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  • The Ethnic Avant-Garde: Minority Cultures and World Revolution by Steven S. Lee
  • Rita Keresztesi (bio)
The Ethnic Avant-Garde: Minority Cultures and World Revolution. Steven S. Lee. New York: Columbia UP, 2015. xiv + 285 pages. $60.00 cloth

In Steven S. Lee’s The Ethnic Avant-Garde: Minority Cultures and World Revolution, the critical category of the ethnic avant-garde promises to help organize our understanding of artistic innovation and revolutionary politics across time and space and through racial and ethnic identities. Moreover, the category offers hope for reimagining political radicalism in our conflict-ridden present.

The book recenters modernism from Western Europe to Eastern Europe, from Paris to Moscow, and from Beijing to San Francisco. The author uses the avantgarde to signify both a new sociopolitical model that would incorporate ethnicity into radicalism and an artistic experiment that would have long-lasting impact. Lee uses images and art objects, such as the model for Vladimir Tatlin’s Monument to the Third International (1920), also known as “Tatlin’s Tower,” to read texts and social movements across national borders and ethnic and racial boundaries. Thus, the lines of political and artistic innovation are redrawn, reimagined, and de/recentered from the West to the East.

Focusing his study mostly on African American artists such as Langston Hughes and Claude McKay, who found a nurturing environment in the communist experiment of the Soviet Union, Lee situates his criticism in two centers: Moscow during the interwar era of the Soviet Union, and in the United States post-World War II. The argument spans almost one hundred years, focusing on three peaks of popularity for the ethnic avant-garde in political-artistic discourse: the interwar era, the Cold War era, and the 1970s through the present. Arriving at a new center of the ethnic avant-garde in the Bay Area with its liberal engagement of ethnicity and literary innovation, he closes with a close reading of I Hotel (2010), the recent novel by Karen Tei Yamashita set in San Francisco.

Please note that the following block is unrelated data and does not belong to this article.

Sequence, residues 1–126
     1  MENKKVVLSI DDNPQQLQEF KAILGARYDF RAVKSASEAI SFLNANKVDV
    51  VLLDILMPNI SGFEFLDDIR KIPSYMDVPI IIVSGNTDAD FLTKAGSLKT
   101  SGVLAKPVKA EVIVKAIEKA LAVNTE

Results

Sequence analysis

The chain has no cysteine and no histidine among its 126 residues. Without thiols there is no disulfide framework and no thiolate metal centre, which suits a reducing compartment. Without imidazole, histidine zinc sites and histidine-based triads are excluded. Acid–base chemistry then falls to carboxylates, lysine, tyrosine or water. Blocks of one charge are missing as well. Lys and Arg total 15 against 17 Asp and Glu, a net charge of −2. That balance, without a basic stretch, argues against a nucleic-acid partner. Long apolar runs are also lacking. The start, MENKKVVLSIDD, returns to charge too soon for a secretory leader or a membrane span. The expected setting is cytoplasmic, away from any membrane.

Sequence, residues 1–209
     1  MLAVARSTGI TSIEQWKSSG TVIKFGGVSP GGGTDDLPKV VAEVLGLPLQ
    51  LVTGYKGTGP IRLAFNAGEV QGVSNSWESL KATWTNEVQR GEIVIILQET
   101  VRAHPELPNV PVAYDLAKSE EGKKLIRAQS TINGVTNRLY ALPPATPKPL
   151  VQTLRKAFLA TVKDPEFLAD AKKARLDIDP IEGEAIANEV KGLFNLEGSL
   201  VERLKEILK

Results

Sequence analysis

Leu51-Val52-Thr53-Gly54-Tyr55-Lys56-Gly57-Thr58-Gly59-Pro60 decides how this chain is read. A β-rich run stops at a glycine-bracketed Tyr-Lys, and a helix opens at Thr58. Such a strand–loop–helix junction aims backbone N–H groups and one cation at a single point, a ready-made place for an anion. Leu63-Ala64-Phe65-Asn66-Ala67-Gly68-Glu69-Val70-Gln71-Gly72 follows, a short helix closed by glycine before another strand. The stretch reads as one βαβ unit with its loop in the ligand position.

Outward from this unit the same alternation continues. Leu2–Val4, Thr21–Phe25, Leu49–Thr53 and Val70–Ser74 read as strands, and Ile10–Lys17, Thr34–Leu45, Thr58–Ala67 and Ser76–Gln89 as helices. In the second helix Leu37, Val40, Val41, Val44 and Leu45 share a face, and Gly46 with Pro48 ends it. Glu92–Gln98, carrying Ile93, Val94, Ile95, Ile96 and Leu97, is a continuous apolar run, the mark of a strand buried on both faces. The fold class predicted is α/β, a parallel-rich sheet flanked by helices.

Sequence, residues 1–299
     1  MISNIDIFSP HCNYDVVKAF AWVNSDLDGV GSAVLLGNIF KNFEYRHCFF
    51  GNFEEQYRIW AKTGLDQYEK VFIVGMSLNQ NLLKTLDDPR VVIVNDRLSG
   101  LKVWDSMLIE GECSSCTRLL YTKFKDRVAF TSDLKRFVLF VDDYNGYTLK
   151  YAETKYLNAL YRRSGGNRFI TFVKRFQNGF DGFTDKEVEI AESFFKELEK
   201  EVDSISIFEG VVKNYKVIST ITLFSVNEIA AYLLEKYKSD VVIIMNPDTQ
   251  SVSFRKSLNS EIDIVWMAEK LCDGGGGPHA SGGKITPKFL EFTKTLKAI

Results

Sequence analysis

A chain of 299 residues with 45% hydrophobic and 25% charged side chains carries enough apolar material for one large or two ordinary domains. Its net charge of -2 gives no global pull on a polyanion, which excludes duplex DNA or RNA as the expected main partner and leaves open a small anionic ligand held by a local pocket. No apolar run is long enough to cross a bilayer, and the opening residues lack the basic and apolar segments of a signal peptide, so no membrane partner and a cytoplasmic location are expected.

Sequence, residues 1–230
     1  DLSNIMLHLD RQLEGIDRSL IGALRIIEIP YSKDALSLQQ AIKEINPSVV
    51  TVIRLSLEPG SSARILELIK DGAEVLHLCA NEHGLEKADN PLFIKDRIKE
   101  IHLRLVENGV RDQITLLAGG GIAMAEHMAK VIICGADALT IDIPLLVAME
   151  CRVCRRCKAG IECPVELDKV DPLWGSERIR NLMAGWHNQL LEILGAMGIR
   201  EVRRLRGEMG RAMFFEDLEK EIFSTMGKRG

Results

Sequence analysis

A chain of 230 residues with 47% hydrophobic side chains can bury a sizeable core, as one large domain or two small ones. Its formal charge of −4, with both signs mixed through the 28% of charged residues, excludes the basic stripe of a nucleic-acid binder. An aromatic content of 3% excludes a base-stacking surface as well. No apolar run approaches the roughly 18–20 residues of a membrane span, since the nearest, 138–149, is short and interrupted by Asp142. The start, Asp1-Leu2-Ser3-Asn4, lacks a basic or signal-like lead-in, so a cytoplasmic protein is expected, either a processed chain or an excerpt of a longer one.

Lee opens with the statement that this “book is about minorities drawn to Soviet communism and the avant-garde” (1), where they found a home away from US racism. The interwar era was a fleeting moment when art and revolution coincided with cultural difference, “visions of world revolution in which the ethnic other took the lead” and when a “utopian potential” existed for minorities to be both “revolutionary and experimental,” resulting in the avant-garde becoming “inclusive and decolonizing” (2). Lee uses this brief moment of fusion between ethnicity and the avant-garde to assemble a grouping of diverse artists and writers who were drawn to or visited interwar Moscow. The interwar-era avant-garde serves as a model for future radicalism in both art and politics [End Page 228] elsewhere. After establishing the ethnic avant-garde and situating it historically, Lee finds other instances of experimentation with art and equality, calling the ethnic avant-garde a “transnational optic” that would make it possible to “discern unexpected connections among radical artists and writers from many different countries” (4). The critical category aims to dismantle the divide between high and low art and create alliances across racial, ethnic, and national lines (among blacks, Jews, Asians, Latinos and Russians). Ultimately, the critical optic of the ethnic avant-garde groups together unlikely communities for the sake of world revolution and global modernism—a movement centered in Moscow for a brief period and now relocated to the Bay Area.

Lee brilliantly uses the category of the ethnic avant-garde to recover a brief moment, but when he moves beyond the concrete boundaries of the interwar era and the USSR, the ethnic avant-garde often becomes wishful in its hope to instigate new movements in art and politics. When Lee focuses on the interactions between African American and Jewish American artists who sought acceptance and artistic fellowship in Moscow, his argument is valid, with excellent analyses of the various interactions and collaborations between Soviet artists and American writers, such as McKay, Hughes, or Irving Howe. The argument’s strength lies in Lee’s thorough research and painstaking attention to detail in order to show the mutual...


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pp. 228-230
Launched on MUSE
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